Nature Notes

Vol. XII April, 1934 No. 4

Just Here and There

First of the multitude of wild flowers that makes this park so colorful and interesting to many people during the spring and summer months comes the Coltsfoot (Petasites nivalis). This plant is invariably the first of all the park's wildflowers, but this year due to the exceptionally mild winter, it is far ahead of its uusual schedule. A few specimens of this plant were noted blooming in late February, and now they are quite abundant--particularly along the highway between the Nisqually Entrance and Longmire. While the Coltsfoot is hardly a beautiful flower, it nevertheless attracts considerable attention with the result that we have a small bouquet on display at the musuem--the first flower display of the season--in order that the identity of this plant may be readily ascertained by anyone who desires to do so. To us in the park, its appearance heralds the approach of spring and its countless vary-colored blooms is a welcome member of the park's floral color. You will find it illustrated on the cover of this issue.

Two other plants noted for the first time this year (March 18) was the Skunk Cabbage and one of the Huckleberries. The latter was quite a surprise, as it has never been noted blooming this early in the spring.

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On March 12, "Stub" Bennett, who is well known to anyone that has ever ridden horseback in the Paradise Valley region during the summer, visited the barn at Paradise to inspect the condition of thiings there. Upon the hay lay a coyote--dead. It showed no signs of injury, and apparently it had crawled to this comfortable spot free from the cold winds of this snowy region where it entered upon its last sleep.

douglas squirrel

A casualty among the birds was converted into a mounted specimen on March 14. The victim was a Varied Thrush which unfortunately dove into the window of the gas station at Longmire. The impact killed the bird which was picked up by Ranger Frank Green, who brought it to the museum.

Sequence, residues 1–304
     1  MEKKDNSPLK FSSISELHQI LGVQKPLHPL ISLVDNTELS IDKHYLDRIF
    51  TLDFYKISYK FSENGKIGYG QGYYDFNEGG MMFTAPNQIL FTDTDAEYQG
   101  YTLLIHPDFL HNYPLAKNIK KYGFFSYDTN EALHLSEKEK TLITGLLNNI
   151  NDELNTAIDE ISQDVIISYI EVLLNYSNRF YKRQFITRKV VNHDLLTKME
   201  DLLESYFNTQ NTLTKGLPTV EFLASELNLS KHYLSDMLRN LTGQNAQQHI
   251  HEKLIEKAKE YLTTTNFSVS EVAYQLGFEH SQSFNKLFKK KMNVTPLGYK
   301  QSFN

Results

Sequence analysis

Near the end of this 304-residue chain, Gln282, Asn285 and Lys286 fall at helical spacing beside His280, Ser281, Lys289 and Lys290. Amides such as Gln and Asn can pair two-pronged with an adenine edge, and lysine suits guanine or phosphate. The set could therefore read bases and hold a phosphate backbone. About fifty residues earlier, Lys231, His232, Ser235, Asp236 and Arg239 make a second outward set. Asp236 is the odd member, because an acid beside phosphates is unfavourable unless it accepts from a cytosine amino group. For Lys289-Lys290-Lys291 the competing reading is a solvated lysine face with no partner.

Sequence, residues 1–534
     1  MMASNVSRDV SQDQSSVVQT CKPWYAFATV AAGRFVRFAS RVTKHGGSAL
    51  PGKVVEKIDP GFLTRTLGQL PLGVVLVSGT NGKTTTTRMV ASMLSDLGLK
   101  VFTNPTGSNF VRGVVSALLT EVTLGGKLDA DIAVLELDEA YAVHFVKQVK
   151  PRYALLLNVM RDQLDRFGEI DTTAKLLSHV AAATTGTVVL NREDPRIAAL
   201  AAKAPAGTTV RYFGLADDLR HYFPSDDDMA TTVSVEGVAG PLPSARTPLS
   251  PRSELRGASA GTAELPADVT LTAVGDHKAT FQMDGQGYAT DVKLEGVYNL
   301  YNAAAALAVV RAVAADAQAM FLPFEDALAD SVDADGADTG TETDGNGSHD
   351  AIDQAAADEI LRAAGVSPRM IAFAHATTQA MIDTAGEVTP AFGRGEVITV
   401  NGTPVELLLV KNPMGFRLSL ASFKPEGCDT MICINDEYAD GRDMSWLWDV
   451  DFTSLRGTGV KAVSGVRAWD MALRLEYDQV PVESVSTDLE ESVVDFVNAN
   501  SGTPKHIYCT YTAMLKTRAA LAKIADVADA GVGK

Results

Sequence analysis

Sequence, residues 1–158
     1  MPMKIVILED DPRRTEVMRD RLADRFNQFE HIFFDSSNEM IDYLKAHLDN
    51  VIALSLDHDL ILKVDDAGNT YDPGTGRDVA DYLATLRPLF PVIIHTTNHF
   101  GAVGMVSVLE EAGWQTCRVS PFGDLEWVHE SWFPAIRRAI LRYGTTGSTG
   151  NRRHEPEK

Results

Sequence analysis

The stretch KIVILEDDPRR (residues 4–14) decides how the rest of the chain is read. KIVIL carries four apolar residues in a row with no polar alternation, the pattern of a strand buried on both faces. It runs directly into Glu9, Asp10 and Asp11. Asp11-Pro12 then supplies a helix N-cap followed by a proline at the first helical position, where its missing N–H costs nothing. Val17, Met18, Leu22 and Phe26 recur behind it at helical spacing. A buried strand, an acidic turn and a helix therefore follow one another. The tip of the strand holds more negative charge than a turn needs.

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Mountain Goat, generally readily visible on the rocky crags of Tumtum Mountain facing the Nisqually Highway, were not noted so often this past season. No doubt the mild weather that characterized our past winter has made it possible for them to range in the higher elevations.

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General Foreman Frank Akehurst called our attention to a thing of interest along Kautz Creek this month. The high water of last fall and winter (which did not make an exception of this creek) washed out a portion of one bank of this stream. By this action several trunks that had been entirely embedded in the glacial till at this point were exposed to view. The trees were several feet in diameter and probably represented the remnants of a forest that grew there many years ago before the variable habits of the stream caused it to change its course, inundate the trees and pile soil, rock and other debris about their trunks to a depth of ten to fifteen feet. Apparently the river again changed its course, the trees died and the upper portion fell away, soil again formed upon the rocky creek bed and a new forest rehabilitated the spot. The vagaries of this stream in the past remained a closed book until last winter when it again went on a rampage, cut away into its banks and exposed evidence of the forest that once grew there. The trunks were excavated down to the roots, but remained erect--tombstones of a former forest.

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Bears are out! The first tracks of the year were noted at Round Pass by Asst. Chief Ranger Macy on March 10. Apparently the mild winter did not shorten their period of hibernation, for they have came forth earlier in previous years, when considerable more snow was to be found on the ground than was the case this year.

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